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Shashi Tharoor emerging as a centrepiece in Congress's faction war in Kerala

Shashi Tharoor | Twitter Shashi Tharoor | Twitter

Infighting and factionalism are not new to the Congress in Kerala. However, even three months ago, nobody would have imagined that Thiruvananthapuram MP Shashi Tharoor would emerge as a centrepiece in a faction war in the grand old party’s Kerala unit. The former United Nations diplomat is someone who has made many surprising moves in his decades-old career. And, his latest move, especially how he is trying to win the support of Malabar and the Muslim League, can bring a lot of complex outcomes in Kerala politics.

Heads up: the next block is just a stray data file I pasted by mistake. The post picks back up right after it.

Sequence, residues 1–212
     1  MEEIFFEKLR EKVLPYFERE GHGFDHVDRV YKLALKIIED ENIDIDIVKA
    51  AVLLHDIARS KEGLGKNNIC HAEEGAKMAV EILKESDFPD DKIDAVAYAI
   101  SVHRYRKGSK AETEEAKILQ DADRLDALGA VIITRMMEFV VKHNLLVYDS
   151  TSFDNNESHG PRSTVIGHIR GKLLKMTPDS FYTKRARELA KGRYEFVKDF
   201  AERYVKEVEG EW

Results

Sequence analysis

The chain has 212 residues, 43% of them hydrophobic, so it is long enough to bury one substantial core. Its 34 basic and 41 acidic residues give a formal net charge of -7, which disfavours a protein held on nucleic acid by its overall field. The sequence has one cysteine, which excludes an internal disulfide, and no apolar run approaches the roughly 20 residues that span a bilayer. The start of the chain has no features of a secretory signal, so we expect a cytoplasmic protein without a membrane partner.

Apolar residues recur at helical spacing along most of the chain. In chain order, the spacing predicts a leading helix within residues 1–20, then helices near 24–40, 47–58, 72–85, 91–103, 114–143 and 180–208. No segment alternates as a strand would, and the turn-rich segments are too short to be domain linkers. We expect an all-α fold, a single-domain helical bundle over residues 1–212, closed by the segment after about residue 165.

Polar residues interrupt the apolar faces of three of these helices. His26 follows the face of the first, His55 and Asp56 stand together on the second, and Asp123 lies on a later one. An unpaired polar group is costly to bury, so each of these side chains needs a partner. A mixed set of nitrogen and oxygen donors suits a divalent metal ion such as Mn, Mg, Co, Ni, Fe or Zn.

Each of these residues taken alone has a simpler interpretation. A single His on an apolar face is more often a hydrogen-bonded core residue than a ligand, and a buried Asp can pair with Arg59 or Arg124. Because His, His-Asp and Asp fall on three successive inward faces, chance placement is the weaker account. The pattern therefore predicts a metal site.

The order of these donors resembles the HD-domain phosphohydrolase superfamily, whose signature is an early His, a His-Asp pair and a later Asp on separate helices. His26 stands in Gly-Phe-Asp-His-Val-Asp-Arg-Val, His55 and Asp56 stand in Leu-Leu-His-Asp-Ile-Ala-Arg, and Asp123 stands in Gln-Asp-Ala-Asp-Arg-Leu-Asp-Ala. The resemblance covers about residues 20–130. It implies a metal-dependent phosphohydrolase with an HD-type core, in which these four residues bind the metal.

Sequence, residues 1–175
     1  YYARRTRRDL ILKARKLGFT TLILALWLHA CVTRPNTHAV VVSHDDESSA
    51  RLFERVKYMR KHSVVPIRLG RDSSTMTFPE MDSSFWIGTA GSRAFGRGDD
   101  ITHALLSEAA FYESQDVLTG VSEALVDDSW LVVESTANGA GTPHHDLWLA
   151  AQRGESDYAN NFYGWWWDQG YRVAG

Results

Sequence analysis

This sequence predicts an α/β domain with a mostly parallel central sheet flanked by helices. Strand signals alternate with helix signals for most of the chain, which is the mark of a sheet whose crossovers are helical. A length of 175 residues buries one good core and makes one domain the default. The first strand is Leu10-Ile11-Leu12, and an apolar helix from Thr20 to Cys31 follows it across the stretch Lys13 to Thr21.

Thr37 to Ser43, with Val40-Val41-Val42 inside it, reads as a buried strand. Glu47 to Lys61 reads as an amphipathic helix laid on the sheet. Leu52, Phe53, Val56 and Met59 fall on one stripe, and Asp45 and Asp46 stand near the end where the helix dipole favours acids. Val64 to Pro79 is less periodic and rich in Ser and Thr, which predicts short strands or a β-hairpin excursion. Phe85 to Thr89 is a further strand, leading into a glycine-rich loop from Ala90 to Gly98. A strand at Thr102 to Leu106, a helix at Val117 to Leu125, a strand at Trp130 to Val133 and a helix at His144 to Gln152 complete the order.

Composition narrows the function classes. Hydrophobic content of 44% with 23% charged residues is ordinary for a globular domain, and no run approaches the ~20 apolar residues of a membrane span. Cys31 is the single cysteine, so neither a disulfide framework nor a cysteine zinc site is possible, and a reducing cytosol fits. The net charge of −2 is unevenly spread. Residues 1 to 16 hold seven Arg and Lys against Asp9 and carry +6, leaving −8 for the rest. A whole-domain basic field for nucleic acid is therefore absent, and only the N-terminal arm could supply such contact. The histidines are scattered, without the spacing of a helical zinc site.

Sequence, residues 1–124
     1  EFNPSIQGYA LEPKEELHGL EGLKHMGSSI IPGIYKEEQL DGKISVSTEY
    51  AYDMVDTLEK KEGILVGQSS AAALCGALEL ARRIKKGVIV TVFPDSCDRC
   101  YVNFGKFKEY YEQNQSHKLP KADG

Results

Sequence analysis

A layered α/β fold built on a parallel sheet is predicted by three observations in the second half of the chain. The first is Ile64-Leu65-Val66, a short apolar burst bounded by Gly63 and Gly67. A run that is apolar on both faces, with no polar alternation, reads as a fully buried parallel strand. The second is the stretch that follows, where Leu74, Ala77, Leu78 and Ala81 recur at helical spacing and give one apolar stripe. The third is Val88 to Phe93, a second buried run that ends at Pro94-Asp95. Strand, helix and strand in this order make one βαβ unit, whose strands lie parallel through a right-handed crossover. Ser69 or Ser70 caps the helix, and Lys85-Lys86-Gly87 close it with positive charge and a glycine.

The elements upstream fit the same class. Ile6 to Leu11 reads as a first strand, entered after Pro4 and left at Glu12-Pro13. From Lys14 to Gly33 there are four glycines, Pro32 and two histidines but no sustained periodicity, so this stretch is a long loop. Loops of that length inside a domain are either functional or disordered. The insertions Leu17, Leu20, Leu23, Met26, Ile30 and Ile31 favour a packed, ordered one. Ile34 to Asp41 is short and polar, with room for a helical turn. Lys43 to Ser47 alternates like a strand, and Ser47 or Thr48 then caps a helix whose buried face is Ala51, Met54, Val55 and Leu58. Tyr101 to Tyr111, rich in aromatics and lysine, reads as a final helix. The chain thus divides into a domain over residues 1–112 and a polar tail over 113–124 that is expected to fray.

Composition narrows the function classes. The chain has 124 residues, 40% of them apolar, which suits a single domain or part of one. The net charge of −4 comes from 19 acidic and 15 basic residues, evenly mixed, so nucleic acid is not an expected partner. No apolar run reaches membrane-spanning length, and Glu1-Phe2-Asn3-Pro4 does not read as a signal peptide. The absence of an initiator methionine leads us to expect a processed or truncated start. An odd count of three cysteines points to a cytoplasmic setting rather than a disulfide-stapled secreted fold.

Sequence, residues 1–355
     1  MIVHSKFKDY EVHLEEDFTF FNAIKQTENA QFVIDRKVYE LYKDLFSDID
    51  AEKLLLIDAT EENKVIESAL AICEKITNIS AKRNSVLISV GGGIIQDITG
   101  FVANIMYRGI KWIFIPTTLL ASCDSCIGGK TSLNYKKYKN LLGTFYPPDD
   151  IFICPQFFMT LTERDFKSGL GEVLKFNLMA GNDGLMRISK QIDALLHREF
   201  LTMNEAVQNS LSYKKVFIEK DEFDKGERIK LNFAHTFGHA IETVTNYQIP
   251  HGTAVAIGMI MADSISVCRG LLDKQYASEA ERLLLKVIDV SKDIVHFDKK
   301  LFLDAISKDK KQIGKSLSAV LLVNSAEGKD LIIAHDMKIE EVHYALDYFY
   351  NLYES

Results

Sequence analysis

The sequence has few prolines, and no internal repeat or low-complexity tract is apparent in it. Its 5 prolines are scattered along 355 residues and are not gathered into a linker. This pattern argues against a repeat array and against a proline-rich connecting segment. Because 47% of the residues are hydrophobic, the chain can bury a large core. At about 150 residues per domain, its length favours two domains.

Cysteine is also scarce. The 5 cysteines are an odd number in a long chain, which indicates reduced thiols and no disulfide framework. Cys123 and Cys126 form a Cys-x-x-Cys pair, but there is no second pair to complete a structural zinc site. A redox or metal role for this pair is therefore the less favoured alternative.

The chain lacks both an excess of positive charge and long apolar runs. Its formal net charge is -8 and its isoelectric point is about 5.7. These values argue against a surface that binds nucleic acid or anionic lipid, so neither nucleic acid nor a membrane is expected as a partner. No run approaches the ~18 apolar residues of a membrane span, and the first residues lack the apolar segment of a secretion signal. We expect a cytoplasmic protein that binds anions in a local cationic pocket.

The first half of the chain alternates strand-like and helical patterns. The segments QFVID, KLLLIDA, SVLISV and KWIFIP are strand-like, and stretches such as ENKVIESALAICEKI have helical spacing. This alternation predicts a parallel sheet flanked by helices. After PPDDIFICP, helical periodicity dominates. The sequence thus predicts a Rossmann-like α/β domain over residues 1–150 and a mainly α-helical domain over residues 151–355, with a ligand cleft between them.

It was in late August that Tharoor’s intentions to run for the post of All India Congress Committee (AICC) president became public. Tharoor sought the support of Kerala leadership. However, only a few leaders like Kozhikode MP M.K. Raghavan and Indian Youth Congress state vice president K.S. Sabarinadhan declared open support to him. The state leadership including KPCC president K. Sudhakaran, opposition leader V.D. Satheeshan, and senior leaders like Ramesh Chennithala and Oommen Chandy followed the ‘official line’—by openly declaring support for Mallikarjun Kharge, who was deemed the candidate of the ‘High Command’—in the elections. Mavelikkara MP Kodikkunnil Suresh even asked Tharoor to withdraw from the fight.